Concerts on the Square is a very complicated event from a legal perspective of copyright.
Wednesday evening marks the sixth and final Concert on the Square of the 2007 season, the 24th year of free outdoor pops from the Wisconsin Chamber Orchestra. And while patrons, who arrive as early as 3 p.m., drag along lawn chairs, blankets and often elaborate picnic setups, some items are strictly forbidden.
Some might be surprised that, although occurring on the most public of places in Madison, concert goers are warned against using any recording devices, including video cameras, at the concerts. "Audio and video recording of Concerts on the Square are strictly prohibited," directs the orchestra in its guide on concert etiquette.
"We have the policy because we're affliated with the American Federation of Musicians," explains Bob Sorge, executive director of the WCO. "Our agreement with them prohibits the recording or rebroadcast of any of our performances without the express written consent of the union, and in many cases an appropriate compensation to musicians." This request, he says, is standard issue for any performance where the artists request patrons not to record without prior consent.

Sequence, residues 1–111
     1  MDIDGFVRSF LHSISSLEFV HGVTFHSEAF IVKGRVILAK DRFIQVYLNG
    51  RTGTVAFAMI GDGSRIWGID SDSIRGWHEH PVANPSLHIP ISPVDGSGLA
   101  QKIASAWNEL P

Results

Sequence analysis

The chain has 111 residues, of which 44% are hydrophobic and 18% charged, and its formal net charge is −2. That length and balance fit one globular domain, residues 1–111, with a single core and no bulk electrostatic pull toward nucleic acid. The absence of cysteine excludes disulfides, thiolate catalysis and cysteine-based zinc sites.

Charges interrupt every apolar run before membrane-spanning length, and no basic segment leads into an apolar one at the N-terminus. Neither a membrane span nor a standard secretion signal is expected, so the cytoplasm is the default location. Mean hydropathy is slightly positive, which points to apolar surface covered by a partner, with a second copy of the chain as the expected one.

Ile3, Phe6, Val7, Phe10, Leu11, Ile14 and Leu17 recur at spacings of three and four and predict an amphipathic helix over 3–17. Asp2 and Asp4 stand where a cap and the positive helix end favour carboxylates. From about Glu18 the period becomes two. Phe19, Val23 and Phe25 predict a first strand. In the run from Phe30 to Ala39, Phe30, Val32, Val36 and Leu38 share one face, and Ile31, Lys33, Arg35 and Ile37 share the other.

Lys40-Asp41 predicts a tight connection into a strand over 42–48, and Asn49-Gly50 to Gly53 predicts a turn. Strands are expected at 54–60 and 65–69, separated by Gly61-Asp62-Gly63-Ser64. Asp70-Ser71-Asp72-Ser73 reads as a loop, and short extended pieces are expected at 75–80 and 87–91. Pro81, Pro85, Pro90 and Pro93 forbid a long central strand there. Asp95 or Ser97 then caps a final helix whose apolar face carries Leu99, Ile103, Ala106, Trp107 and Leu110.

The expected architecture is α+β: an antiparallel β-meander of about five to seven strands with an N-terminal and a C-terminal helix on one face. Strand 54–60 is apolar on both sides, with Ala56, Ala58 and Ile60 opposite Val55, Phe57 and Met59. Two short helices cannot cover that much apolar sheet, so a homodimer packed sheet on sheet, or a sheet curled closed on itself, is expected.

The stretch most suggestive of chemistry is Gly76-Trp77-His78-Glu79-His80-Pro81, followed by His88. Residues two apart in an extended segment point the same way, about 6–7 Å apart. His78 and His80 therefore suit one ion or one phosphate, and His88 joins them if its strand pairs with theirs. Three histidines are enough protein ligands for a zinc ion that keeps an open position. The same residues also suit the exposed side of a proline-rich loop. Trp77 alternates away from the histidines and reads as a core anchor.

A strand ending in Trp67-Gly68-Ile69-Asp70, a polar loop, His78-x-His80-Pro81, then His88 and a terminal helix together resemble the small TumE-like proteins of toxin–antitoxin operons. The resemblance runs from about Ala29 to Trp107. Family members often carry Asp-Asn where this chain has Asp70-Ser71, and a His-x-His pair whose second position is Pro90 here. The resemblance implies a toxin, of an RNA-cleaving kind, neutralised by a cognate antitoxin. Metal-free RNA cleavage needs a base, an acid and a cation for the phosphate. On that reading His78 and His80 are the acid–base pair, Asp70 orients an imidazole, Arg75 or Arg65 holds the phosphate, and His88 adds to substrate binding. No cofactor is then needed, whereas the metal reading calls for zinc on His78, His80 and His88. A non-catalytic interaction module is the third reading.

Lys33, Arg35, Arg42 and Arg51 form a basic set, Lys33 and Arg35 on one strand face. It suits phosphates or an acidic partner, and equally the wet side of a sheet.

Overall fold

Attendees have and do record video at Concerts on the Square, though, particularly in these days of inexpensive digital recording technology and a robust online video sharing culture.
For example, here is one video clip, shot from the middle of Pinckney Street capturing the orchestra's performance of Tchaikovsky's 1812 Overture at it's July 4 concert, complete with the requisite simulated cannon blasts from the roof of the Isthmus offices.